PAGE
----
The fourth, redeveloped generation of the mid-engine sport coupé has a more striking, athletic and efficient appearance. Just a few weeks after the debut of the new 718 Boxster, the new 718 Cayman is extending the new model series.
For the first time, the hard-top is priced below the roadster – in a similar way to the 911 models. 718 Cayman pricing starts at 51,623 euros in Germany, and the 718 Cayman S costs from 64,118 euros, each including VAT and country-specific features.
The same new four-cylinder flat engines with turbocharging as in the 718 Boxster are being deployed in the 718 Cayman. As a result, coupé and roadster have an identical engine output for the first time.
The entry-level version starts with 220 kW (300 hp) from two litres of displacement. The S model delivers 257 kW (350 hp) with a displacement of 2.5 litres. This represents 18 kW (25 hp) more power compared to the predecessor models with an NEDC fuel consumption of 8.1 to 5.7 litres per 100 kilometres.
The tremendous torque of the new engines in the 718 Cayman promises driving fun and agility even at low revs. The two-litre engine of the 718 Cayman achieves a torque of up to 380 Nm (plus 90 Nm), which is available between 1,950 rpm and 4,500 rpm. The 2.5-litre engine of the 718 Cayman S features a turbocharger with variable turbine geometry (VTG), a technology hitherto used exclusively in the 911 Turbo.
In the 718 Cayman S, the VTG charger additionally has a wastegate for the first time. It delivers up to 420 Nm (an extra 50 Nm) to the crankshaft at engine speeds between 1,900 and 4,500 rpm. For the driver this means even better torque in all engine speed ranges. The 718 Cayman with PDK and optional Sport Chrono Package sprints from zero to 100 km/h in 4.7 seconds. The 718 Cayman S completes this sprint in 4.2 seconds. The top speed of the 718 Cayman is 275 km/h, and the 718 Cayman S can reach a speed of 285 km/h.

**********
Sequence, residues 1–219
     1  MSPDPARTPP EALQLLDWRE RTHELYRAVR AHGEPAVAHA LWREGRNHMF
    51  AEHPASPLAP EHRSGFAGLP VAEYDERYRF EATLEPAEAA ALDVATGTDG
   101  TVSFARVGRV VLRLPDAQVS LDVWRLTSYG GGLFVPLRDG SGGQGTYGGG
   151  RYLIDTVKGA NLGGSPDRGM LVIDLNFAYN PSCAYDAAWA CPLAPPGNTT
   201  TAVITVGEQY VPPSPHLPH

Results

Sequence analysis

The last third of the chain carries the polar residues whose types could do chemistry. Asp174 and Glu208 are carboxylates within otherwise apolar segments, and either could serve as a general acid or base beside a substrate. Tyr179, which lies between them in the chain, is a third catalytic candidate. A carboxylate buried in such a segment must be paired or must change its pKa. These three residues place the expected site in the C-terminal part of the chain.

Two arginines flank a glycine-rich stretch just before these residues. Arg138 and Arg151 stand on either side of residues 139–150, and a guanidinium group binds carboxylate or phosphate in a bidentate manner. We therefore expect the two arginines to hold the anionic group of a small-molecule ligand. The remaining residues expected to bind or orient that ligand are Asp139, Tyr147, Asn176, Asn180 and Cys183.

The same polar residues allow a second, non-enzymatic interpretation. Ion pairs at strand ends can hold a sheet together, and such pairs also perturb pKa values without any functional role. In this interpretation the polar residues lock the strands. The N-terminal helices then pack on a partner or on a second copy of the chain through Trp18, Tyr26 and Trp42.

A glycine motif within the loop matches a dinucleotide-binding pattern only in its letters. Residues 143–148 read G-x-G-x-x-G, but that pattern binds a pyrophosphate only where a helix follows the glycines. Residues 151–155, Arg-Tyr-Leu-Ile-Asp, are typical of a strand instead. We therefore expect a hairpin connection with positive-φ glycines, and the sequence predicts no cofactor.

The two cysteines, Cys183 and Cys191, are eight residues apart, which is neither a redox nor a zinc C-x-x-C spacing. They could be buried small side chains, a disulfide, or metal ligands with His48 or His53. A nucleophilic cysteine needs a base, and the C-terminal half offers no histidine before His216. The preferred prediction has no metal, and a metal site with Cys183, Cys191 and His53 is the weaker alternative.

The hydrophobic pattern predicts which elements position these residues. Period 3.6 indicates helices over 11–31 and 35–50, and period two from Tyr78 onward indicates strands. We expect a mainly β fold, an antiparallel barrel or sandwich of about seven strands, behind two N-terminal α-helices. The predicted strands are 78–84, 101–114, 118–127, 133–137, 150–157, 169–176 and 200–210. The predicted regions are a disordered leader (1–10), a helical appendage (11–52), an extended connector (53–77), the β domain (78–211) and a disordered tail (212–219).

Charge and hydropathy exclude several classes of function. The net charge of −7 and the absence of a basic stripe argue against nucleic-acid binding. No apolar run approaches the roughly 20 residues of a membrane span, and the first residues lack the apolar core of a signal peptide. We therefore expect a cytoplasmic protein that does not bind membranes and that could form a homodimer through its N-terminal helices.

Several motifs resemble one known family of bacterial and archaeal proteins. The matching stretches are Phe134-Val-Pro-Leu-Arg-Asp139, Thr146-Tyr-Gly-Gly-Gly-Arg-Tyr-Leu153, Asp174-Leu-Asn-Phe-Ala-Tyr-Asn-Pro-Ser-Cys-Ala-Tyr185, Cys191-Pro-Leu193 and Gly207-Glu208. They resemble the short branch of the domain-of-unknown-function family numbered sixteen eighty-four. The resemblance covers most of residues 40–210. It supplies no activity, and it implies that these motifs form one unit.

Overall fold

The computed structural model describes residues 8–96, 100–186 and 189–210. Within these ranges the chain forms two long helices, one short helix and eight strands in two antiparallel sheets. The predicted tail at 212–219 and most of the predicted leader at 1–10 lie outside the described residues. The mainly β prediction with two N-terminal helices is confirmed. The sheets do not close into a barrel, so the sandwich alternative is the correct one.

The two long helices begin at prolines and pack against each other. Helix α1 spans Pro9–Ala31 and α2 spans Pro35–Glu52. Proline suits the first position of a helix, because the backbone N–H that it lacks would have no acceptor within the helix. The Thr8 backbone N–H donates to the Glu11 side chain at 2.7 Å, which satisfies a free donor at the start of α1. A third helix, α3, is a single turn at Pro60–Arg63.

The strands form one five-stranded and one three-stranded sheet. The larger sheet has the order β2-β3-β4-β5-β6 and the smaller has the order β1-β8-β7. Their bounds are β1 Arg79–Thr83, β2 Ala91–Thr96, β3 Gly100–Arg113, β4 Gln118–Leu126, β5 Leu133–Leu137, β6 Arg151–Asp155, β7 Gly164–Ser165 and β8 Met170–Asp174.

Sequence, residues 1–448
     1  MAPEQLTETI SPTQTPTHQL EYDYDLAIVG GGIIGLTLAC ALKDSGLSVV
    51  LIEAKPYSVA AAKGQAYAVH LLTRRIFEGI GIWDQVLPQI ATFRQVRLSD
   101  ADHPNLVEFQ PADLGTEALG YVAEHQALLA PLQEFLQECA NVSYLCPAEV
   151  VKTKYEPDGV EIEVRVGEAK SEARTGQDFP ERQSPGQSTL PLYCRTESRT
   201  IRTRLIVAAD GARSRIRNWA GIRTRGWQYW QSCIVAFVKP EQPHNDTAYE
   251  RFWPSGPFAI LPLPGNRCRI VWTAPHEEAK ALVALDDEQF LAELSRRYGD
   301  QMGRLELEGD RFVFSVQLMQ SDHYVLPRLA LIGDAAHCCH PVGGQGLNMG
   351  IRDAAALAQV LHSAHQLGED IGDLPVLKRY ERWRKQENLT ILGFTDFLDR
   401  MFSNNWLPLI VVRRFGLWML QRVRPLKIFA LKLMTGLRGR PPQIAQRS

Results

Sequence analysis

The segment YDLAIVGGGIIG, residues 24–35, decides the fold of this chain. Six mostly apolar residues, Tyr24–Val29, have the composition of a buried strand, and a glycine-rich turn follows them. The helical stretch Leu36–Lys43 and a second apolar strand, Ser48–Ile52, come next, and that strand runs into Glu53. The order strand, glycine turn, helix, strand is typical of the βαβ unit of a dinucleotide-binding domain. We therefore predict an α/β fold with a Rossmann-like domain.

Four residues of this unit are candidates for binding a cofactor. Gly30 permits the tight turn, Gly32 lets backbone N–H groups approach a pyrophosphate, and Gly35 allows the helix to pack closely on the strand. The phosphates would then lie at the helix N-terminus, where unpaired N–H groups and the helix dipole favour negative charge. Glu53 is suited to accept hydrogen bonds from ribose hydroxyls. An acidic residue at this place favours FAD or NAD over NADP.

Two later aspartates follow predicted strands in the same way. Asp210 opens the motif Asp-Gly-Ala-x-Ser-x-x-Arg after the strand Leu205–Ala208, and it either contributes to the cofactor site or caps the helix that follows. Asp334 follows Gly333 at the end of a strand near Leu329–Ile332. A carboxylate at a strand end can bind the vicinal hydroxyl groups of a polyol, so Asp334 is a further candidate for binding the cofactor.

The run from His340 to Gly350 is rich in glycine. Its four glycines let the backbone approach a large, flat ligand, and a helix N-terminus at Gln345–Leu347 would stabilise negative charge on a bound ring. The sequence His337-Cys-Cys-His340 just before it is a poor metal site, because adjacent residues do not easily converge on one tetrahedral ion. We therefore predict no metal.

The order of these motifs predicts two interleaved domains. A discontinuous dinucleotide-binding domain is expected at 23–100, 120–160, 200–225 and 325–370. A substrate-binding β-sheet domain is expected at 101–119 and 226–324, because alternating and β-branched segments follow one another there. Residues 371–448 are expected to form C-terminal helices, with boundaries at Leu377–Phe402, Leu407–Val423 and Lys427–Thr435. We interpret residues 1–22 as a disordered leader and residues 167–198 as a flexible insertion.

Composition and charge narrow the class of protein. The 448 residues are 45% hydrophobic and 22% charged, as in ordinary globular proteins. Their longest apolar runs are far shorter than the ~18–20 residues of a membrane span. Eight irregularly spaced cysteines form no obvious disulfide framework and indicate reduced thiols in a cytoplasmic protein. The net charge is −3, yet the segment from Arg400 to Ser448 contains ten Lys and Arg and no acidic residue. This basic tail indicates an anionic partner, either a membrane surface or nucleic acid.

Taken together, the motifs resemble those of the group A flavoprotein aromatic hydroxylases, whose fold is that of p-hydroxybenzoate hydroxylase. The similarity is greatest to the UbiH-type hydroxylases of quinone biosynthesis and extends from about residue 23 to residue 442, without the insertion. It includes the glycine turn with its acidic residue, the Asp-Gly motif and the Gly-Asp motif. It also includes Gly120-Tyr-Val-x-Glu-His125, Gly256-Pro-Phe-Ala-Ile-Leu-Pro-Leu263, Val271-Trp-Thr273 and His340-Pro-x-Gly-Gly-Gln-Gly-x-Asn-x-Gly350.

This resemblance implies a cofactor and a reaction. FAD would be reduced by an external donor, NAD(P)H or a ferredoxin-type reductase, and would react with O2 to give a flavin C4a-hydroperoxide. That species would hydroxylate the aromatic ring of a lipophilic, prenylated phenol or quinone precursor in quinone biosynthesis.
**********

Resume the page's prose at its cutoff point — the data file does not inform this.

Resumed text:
In terms of their driving dynamics, the new 718 Cayman models follow in the tracks of the classic 718 cars. Thanks to their outstanding agility, the historic mid-engine sports cars won numerous races in the 1950s and 1960s such as the Targa Florio and Le Mans.
Lateral rigidity and wheel tracking have been improved in the completely retuned chassis of the 718 Cayman; springs and stabilisers have been designed to be firmer and the tuning of the shock absorbers has been revised. The steering, which has been configured to be ten per cent more direct, enhances agility and driving fun.
The rear wheels, which are one-half of an inch wider, in combination with the redeveloped tyres result in an increased lateral force potential and hence in greater cornering stability.
On account of the car’s greater driving performance capabilities, stronger brake systems are now in use with 330-millimetre brake discs in front and 299-millimetre discs at the rear. The 718 Cayman now has the brake system that was previously used in the Cayman S. The 718 Cayman S, on the other hand, uses the four-piston callipers of the 911 Carrera combined with six-millimetre thicker brake discs.
The new 718 Cayman has been further developed as comprehensively in its design as in its technology. The taut proportions, prominent air intakes at the front and sides and low side profile underscore the boost in dynamics. The nose has a much sharper profile, which gives the front end a wider and more masculine appearance.
The ultra-slim front lights above the air intakes, which contain the parking lights and indicators, further reinforce this impression. Rounding off the front end of the 718 Cayman, are the significantly larger cooling air intakes and bi-xenon headlights in their new design with integrated LED daytime running lights.
Inside, revisions are visible for both the 718 Cayman and the 718 Boxster. The upper part of the dash panel including air vents is new. The new sport steering wheel in the 918 Spyder design as well as the extensive connectivity options have now been added to the 718 cockpit along with the Porsche Communication Management (PCM) as a standard feature. Mobile phone preparation, audio interfaces and the 150-watt Sound Package Plus are all part of this standard.
Options are available to extend the PCM. The Connect module, for example, includes special extensions for smartphones, such as the USB port, Apple CarPlay and Porsche Car Connect. Another available option is the navigation module with voice control, which makes it easy to input driving destinations.